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375th Anniversary Of Montreal - Unveiling Of A Spectacular Totem Pole Created By Charles Joseph

Posted on the 04 May 2017 by Loup Dargent @loup_dargent

The totem pole is a symbol of reconciliation and commemoration. It embodies a strong sense of the identity and pride of the Kwakiutl Nation of the West Coast of Canada. Joseph's Residential School Totem Pole depicts, from the bottom to the top: the members of the family of the sponsor of the Totem; the cedar ring symbolizing safety; the wild woman responsible for the traditional culture; the killer whale, the guardian of memory; the crow representing the alliance of Church and State; the bear for its strength and wisdom; the Arctic fox, the witness of the past; the Kulus, the great black ravens that according to the legend created the islands of the West Coast of Canada by dropping pebbles into the ocean; and at the top the two-headed snake with its wings unfurled in the shape of a cross.

Charles Joseph states: "Presenting this pole is for all Canadians, not just residential school survivors. This is my reconciliation, and my story is on the pole. The story is not just about Charles Joseph, it's about everyone who went through it. I need to tell the story in this form, but it is about survivors from across Canada ."
According to Nathalie Bondil, the Museum's Director General and Chief Curator, "We are deeply moved today to unveil this new totem pole by Charles Joseph in the context of the celebrations. Only six of the First Nations of the West Coast ever carved these works... and there are even fewer today because the technical and artistic skills required to make them are so demanding. Traditionally the gigantic witnesses to their history perpetuated the story of important events for the Native Peoples. The Truth and Reconciliation Commission of Canada estimates that 150,000 children were torn from their families during the past century, complying with the government's assimilation policy. Telling the story of this tragedy through the powerful artistry of one of our leading creators is essential in the perspective of our new century."
"We are very honoured to be a part of this totem raising ceremony here on Kanien'keha:ka territory," says Christine Zachary Deom, Chief of the Mohawk Council of Kahnawake. "Our territory has always been a place of gathering and exchange and we are very pleased to see these bridges being built with Montreal, the Kwakiutl Nation, and our community. Our people have been eager to have their presence and history acknowledged, and this is a great initiative towards reconciliation" she added.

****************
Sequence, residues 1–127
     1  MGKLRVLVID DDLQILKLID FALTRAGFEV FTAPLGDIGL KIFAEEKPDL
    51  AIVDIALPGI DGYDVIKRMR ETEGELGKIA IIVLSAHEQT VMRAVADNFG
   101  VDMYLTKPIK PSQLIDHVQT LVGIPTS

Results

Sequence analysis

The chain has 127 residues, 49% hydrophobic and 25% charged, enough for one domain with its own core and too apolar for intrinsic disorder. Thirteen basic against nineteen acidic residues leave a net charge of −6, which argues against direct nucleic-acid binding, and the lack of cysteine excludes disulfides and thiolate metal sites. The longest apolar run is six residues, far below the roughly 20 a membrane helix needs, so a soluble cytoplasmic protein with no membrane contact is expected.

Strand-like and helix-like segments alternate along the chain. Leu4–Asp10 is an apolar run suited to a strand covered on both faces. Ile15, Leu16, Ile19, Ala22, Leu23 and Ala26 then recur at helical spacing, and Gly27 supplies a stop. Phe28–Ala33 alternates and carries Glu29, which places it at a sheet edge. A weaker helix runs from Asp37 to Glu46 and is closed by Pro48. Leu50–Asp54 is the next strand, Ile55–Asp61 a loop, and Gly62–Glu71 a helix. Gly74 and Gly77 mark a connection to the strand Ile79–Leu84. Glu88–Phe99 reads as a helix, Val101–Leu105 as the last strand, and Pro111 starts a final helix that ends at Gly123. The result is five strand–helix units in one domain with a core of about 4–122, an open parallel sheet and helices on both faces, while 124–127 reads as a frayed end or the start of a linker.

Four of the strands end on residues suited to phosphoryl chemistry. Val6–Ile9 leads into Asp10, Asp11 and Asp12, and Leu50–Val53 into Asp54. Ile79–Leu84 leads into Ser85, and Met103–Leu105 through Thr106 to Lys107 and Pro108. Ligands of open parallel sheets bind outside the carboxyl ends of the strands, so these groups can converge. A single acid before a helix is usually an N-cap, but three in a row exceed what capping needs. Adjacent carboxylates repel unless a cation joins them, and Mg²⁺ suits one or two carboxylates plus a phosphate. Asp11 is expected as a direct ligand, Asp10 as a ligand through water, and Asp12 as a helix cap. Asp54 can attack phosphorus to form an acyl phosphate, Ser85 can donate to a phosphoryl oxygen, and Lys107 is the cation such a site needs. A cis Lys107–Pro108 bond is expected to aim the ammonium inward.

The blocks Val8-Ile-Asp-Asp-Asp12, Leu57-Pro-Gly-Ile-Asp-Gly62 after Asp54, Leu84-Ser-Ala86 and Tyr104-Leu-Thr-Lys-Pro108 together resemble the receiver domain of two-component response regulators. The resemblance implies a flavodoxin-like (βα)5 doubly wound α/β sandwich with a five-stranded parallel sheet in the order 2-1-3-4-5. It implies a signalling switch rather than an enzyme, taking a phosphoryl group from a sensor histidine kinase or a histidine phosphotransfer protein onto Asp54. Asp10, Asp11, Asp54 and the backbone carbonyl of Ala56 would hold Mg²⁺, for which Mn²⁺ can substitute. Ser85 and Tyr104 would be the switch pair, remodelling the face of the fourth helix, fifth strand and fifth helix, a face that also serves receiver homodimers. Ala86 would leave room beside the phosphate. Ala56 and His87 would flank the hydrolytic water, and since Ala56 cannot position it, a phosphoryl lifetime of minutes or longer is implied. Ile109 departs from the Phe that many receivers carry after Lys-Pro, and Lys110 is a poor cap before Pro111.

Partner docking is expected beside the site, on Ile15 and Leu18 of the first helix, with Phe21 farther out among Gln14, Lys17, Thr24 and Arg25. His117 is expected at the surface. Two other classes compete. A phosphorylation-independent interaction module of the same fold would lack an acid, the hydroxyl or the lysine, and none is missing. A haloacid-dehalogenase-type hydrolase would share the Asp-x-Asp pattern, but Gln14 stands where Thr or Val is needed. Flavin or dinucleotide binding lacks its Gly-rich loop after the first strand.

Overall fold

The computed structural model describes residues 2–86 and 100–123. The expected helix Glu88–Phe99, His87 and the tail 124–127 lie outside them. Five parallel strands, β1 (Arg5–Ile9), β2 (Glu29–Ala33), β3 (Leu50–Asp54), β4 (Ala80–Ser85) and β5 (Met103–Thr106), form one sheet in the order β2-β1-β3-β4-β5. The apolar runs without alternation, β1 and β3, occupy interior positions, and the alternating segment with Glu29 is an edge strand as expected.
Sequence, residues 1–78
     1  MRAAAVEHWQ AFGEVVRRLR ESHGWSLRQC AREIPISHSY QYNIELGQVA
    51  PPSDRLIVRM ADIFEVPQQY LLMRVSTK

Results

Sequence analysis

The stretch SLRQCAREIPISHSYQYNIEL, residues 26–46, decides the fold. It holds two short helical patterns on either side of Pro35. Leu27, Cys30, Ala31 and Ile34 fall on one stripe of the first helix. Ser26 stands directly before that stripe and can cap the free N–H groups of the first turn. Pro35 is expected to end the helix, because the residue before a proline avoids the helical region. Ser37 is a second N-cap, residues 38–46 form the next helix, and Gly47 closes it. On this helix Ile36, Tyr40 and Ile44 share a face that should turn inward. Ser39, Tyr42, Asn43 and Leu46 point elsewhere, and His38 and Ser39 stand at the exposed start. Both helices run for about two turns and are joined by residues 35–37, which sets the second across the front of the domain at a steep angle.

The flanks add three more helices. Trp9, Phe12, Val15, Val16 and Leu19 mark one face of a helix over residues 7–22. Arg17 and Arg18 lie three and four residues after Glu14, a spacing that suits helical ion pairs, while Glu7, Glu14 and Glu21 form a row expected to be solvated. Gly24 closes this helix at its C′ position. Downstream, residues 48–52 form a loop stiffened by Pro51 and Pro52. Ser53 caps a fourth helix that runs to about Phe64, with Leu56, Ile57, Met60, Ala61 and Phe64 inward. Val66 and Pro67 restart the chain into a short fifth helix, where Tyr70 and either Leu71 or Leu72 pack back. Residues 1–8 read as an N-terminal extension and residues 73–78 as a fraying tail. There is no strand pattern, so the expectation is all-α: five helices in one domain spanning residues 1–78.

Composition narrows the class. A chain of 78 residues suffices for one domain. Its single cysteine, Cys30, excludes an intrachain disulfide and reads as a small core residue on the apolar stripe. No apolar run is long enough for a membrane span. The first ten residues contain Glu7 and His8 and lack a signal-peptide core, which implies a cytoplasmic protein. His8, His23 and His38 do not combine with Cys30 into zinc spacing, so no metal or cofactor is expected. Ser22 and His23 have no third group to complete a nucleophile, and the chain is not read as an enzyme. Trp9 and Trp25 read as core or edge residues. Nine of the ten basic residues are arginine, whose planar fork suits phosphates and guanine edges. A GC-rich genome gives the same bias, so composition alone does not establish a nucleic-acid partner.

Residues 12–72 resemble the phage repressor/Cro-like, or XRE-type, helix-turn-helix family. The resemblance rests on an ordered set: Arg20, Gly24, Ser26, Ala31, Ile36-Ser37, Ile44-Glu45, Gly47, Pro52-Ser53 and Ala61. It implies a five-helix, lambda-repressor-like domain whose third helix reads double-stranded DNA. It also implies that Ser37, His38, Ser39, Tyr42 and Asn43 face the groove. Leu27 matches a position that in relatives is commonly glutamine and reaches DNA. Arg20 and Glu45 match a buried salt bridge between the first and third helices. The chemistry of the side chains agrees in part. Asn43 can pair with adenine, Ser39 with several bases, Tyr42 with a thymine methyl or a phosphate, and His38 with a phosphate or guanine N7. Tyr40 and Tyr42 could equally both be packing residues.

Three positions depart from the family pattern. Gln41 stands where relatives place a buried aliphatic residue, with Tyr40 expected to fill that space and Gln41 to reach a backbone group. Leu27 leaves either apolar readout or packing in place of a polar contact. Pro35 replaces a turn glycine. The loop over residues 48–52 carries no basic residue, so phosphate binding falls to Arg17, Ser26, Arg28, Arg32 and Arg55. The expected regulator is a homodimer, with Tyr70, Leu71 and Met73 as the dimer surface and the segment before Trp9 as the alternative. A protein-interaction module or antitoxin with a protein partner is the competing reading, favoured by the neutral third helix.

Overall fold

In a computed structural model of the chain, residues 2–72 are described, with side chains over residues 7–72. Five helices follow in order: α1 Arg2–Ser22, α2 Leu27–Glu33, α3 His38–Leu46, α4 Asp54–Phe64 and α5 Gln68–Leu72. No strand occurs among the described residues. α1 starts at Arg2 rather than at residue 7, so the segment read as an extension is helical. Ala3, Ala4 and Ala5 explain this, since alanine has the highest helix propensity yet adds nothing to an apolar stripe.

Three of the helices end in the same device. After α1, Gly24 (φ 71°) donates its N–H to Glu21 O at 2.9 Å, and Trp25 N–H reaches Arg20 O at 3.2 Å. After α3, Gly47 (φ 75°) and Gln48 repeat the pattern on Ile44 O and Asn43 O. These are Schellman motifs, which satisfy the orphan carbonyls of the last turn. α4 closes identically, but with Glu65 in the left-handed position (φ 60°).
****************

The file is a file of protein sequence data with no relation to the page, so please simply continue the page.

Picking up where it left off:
"We salute the involvement of our First Nations artists in making Canadians aware of our history, even of its darkest side, as in the case of the residential schools. I thank Charles Joseph for this work, and above all for its positive consciousness-raising effect. This is a contribution that will help to bring about the reconciliation of our peoples that is so vital", stated Ghislain Picard, Chief of the Quebec-Labrador Assembly of First Nations.
"The Society for the Celebration of Montréal's 375th Anniversary is happy to emphasize the close links that bind together the First Nations peoples and our City. With its over 30,000 Native citizens, Montreal constitutes the largest indigenous community in Quebec. La Balade pour la paix, the flagship project of the official programme for the celebrations of the 375th anniversary, is an ideal expression of the wealth of links between our peoples. The work of the artist Charles Joseph of the Kwakiutl Nation, raised on the ancestral territory of Kanien'keha:ka, is a prime example of the cultural richness of the First Nations and of the ties that bind us", said Alain Gignac, Director General of the the Society for the Celebration of Montréal's 375th Anniversary.
"The City is firmly committed to reconciliation, and our pledge takes on new meaning as we stand before this totem pole and remember the thousands of Aboriginal people who passed through the residential school system. This totem pole reminds us of our present duty, and we are humbled by history. I would like to commend Charles Joseph for creating this work of art and thank all the partners who made its presentation in Montreal possible. As we celebrate Montreal's 375th anniversary, understanding and reconciliation with Aboriginal peoples are of vital importance," said Denis Coderre, Mayor of Montreal.
La Balade pour la Paix -An Open-Air Museum On Sherbrooke Street West between the sections the MMFA/Concordia University - the McCord Museum/McGill University June 5 to October 29, 2017
To learn more about the contribution of the Québec government to Montréal's 375th Anniversary celebrations, click here.
375th Anniversary Montreal Unveiling Spectacular Totem Pole Created Charles Joseph

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